September 17, 2010

Salary determinations by political subdivisions of the State

Salary determinations by political subdivisions of the State
Kent v Town of Niskayuna, Appellate Division, 244 AD2d 829

Peter E. Kent, Commissioner of Public Works for the Town of Niskayuna in Schenectady County, anticipated receiving an increase in his compensation as a Grade 27 employee in accordance with the salary table set out in the Town's employee handbook. But the Town decided to (1) change some of his duties and responsibilities and (2) eliminate all salary grades 26 and higher from the salary table effective January 1, 1996. As a result, Kent's 1996 salary was set at the salary rate for a "Grade 25, Step 5" employee instead of the salary for "Grade 27, Step 4" as he expected.

When his grievance seeking compensation at Grade 27, Step 4 was rejected by the Town, Kent sued. He contended that the Town did not have the authority to reduce the salary grade of his position and its action was arbitrary and capricious. A Supreme Court justice agreed and ordered the Town to reinstate Kent to the Grade 27 level with back pay "due to the [Town's] failure to comply with Civil Service Law Section 75 before it adjusted [Kent's] salary." However, the Appellate Division overturned that ruling.

The Appellate Division said that the authority to fix the salary of a town employee had been delegated to the town board employing the employee [Section 27, Town Law]. Citing Stetter v Amherst, 46 AD2d 1006, the Appellate Division observed that "courts will not interfere with the actions of such legislative bodies or inquire into their underlying motives 'absent fraud, corruption or oppression.'"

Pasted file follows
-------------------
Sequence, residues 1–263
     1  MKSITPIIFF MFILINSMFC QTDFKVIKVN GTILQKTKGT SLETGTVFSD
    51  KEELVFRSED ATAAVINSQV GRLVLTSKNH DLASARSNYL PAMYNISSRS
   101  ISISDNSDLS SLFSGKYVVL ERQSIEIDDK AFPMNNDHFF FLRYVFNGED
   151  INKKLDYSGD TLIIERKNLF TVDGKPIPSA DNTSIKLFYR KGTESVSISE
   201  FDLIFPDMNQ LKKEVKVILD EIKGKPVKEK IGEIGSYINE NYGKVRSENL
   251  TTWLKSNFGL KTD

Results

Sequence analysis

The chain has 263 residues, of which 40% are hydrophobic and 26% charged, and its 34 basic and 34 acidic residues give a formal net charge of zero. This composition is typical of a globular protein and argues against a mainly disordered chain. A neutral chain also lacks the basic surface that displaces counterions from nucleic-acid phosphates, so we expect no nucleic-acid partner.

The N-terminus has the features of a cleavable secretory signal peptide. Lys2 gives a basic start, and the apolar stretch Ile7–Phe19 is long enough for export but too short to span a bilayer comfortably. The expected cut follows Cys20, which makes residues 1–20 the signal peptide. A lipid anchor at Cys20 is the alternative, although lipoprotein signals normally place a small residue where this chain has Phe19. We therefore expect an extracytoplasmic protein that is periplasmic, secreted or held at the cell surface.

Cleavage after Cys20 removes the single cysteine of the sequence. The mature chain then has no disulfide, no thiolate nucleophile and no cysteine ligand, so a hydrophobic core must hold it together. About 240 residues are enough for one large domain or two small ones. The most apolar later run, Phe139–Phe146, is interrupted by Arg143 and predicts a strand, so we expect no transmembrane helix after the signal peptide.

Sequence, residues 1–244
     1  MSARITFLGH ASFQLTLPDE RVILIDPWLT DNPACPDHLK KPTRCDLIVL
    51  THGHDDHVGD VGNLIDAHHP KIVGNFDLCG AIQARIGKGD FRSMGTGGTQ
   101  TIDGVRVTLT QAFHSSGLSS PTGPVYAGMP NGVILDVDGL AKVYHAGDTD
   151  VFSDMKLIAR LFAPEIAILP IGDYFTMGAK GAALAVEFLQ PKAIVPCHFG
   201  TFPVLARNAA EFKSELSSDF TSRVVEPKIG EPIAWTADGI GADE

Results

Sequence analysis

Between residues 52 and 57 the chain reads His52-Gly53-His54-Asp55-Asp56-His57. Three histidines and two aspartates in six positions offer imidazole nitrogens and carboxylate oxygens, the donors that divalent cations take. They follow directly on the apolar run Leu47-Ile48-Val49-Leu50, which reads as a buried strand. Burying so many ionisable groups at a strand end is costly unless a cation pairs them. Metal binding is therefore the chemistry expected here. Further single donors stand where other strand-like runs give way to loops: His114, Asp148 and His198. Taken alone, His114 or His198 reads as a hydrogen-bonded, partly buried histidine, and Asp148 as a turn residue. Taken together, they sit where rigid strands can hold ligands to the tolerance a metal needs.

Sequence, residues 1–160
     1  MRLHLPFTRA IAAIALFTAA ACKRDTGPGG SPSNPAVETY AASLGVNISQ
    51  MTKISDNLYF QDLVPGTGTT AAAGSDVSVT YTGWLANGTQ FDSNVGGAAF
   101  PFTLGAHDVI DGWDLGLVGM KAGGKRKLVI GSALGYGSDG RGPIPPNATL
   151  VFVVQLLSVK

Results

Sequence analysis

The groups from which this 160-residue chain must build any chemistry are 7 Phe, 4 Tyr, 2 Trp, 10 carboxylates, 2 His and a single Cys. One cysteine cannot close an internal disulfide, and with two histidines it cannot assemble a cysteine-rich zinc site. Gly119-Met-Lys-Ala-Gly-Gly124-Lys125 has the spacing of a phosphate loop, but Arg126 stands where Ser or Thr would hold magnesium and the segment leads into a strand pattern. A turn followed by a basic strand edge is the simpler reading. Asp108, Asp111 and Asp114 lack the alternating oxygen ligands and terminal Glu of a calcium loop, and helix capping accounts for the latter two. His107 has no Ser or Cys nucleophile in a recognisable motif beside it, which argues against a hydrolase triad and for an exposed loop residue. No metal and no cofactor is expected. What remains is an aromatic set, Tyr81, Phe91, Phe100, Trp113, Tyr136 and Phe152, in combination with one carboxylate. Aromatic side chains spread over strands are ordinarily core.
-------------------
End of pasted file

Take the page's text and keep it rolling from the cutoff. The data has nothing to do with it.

The Court decided that the Town presented evidence "indicating a need to tend to budgetary concerns." This, "coupled with the changes [in Kent's responsibilities and Kent's] failure to sustain a showing that the [Town's] action was done in contravention of, or in an attempt to circumvent, the protections afforded by Civil Service Law Section 75," provided substantial evidence supporting the Town's action.

The lesson here is that a municipal public employer may reallocate a position to a different salary grade consistent with the duties and responsibilities of the position provided its action is supported by substantial evidence and is neither arbitrary nor capricious. The employee has the burden of persuading the courts to the contrary.

It should be remembered that Kent was a municipal employee. The classification and allocation of positions in the service of the State to a salary grade, and the reclassification and reallocation of such positions, is controlled by Article 8 of the Civil Service Law.

Article 8, however, does not apply to classification and allocation of positions established by a political subdivision of the State.
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